4. The evidence discloses that any offense committed by defendant was in the City and County of Denver, where the trial occurred. It is undisputed that the death occurred in Weld County, Colorado. It is, *747 therefore, contended by defendant that the district court of the City and County of Denver was without jurisdiction to try him for the alleged offense.

Our statute, C.R.S. '53, 39-9-1, provides:

"When an offense shall be committed on a county line, the trial may be held in either county divided by such line. Where any offense shall be committed against the person of another, and the person committing the offense shall be in one county, and the person receiving the injury shall be in another county, the trial may be had in either county."

Our statute, C.R.S. '53, 40-2-12, provides:

"If the injury be inflicted in one county and the party die within another county or without the state the accused shall be tried in the county where the cause of death was administered. And if the party killing shall be in one county and the party killed be in another county at the time the cause of death shall be administered, the accused may be tried in either county." (Italics ours.)

The "cause of death" was administered in the City and County of Denver when defendant, according to the evidence, caused the bomb to be placed in the airplane and out of his custody and beyond his control, with the intent and for the purpose of causing the death of his mother who was a passenger on the plane. Her death was undoubtedly the result of defendant's unlawful act, and this having occurred in the City and County of Denver, the venue was there properly laid pursuant to the statute, and the trial court unquestionably had jurisdiction. See Haddock v. People, 117 Colo. 416, 188 P.2d 891.

5. As we construe another of defendant's assignments, error is alleged in the admission of the oral and written confessions of defendant. The uncontradicted evidence in the record discloses that defendant's constitutional rights, both federal and state, were carefully safeguarded throughout the investigatory proceedings as well as the subsequent trial. It is true that in his oral confession defendant made, statements admitting his participation in crimes other than that charged in the information upon which he was tried and in relating these confessions all thereof was before the jury. We have uniformly held that where a statement made by a defendant in a criminal case is admissible in evidence, either as an admission or declaration, it is admissible as an entire statement, including that which is favorable as well as unfavorable to the party making the same, and where such statements are freely made, they are admissible against a defendant even though at the time of making the statement he was under arrest and charged with an offense. McRae v. People, 131 Colo. 305, 281 P.2d 153. Defendant, in his written confession, definitely admits that the confession was made after he had been warned of his every constitutional right respecting confessions and the use that could be made thereof, and the undisputed evidence is that before any oral statement was made by defendant respecting his participation in the crime with which he was charged he was likewise warned of all of his constitutional rights. Under the evidence here, the written and oral confessions in their entirety were admissible in evidence.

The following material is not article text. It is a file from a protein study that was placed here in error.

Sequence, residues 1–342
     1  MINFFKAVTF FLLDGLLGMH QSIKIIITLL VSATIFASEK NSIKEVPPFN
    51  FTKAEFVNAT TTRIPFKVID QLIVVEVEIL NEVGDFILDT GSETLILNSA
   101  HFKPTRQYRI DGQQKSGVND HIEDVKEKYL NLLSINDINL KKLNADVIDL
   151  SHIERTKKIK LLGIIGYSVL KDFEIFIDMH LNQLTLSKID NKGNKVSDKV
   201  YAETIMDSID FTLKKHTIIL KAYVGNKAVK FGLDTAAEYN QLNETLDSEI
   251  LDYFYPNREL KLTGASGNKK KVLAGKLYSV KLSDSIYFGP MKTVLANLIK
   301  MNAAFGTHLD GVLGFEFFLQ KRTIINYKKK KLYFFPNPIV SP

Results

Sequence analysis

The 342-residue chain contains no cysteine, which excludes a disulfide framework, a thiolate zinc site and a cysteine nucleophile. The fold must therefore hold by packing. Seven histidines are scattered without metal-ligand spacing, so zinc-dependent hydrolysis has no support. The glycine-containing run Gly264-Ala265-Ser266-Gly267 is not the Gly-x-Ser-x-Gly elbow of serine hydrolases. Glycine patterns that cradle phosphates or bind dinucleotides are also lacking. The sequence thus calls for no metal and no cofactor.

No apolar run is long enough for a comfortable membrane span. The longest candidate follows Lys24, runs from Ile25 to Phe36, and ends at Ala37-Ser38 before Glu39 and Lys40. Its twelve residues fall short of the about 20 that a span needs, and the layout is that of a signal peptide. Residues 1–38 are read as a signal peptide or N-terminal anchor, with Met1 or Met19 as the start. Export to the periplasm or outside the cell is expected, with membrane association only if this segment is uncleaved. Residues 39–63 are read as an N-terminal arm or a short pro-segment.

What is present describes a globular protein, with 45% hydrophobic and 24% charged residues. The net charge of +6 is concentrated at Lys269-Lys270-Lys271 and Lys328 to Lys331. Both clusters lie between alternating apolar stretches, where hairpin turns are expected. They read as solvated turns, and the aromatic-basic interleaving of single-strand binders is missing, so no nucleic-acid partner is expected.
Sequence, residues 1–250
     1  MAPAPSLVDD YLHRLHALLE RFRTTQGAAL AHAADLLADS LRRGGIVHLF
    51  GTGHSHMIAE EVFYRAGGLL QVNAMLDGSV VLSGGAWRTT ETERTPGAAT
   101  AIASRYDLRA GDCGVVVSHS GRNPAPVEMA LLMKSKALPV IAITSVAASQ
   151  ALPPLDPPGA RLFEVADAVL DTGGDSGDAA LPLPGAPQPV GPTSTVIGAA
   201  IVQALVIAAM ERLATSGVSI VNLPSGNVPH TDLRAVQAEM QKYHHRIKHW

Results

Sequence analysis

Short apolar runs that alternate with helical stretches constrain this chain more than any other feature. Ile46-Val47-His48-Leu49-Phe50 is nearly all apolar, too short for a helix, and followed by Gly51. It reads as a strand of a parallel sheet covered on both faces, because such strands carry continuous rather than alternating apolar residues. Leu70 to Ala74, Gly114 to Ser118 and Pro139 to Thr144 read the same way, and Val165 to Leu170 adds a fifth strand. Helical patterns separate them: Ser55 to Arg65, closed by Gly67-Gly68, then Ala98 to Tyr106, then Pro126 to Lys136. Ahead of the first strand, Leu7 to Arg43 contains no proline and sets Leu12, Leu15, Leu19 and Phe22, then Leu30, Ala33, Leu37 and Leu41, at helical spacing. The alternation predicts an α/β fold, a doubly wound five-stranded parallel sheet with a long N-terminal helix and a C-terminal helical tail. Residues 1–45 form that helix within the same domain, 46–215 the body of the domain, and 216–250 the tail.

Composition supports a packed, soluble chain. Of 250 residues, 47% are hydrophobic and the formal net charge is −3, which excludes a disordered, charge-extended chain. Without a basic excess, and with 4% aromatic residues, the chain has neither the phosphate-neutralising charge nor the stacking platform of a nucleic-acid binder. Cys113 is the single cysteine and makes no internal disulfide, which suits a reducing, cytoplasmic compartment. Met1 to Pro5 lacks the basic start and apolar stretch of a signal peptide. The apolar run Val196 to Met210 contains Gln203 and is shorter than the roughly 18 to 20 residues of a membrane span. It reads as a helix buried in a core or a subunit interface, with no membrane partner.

6. It is further contended by defendant that there was no direct evidence warranting the trial court in giving an instruction on first degree murder although it is to be noted that no objection whatever was interposed by defendant to this instruction which might justify our disregarding it.

Both the oral and written confessions we have held to be direct evidence justifying the submission of a first degree murder instruction. Mitchell v. People, 76 Colo. 346, 232 P. 685, 40 A.L.R. 566; Ives v. People, 86 Colo. 141, 278 P. 792; Downey v. People, 121 Colo. 307, 215 P.2d 892.

7. Error is assigned on the refusal of the court to give defendant's fifteen tendered instructions. The only argument with reference thereto presented is, "These *748 points are self-explanatory for the most part, and we do not feel that anything could be gained by going into the various instructions and showing how they were applicable to the case, but we do feel that each and every instruction was applicable and should have been given, and failure to give was prejudicial to the defendant."

Notwithstanding this rather short and unusual method of attempting to shift to the court the responsibility of considering fifteen instructions, we have, nevertheless, studied and considered each thereof. One of the requested instructions was on first degree murder. Such an instruction in proper form was given the jury. Every instruction tendered, applicable to the issue, was embodied in an instruction given by the court; only those wholly inapplicable were refused. The court did submit instructions on murder in the first and second degree and submitted three forms of verdicts, one finding defendant guilty of murder in the first degree; one finding defendant guilty of murder in the second degree; one finding defendant not guilty. Under the undisputed and wholly uncontradicted evidence in the case, these were the only verdicts possible for the jury's consideration.